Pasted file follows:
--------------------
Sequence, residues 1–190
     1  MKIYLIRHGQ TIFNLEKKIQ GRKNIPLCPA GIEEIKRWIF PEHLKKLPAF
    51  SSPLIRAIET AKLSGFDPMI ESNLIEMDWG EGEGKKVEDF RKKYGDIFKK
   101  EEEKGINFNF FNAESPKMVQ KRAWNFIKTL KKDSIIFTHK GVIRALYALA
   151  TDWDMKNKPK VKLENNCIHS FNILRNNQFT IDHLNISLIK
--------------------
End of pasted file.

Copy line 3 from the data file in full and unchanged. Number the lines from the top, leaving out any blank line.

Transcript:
    51  SSPLIRAIET AKLSGFDPMI ESNLIEMDWG EGEGKKVEDF RKKYGDIFKK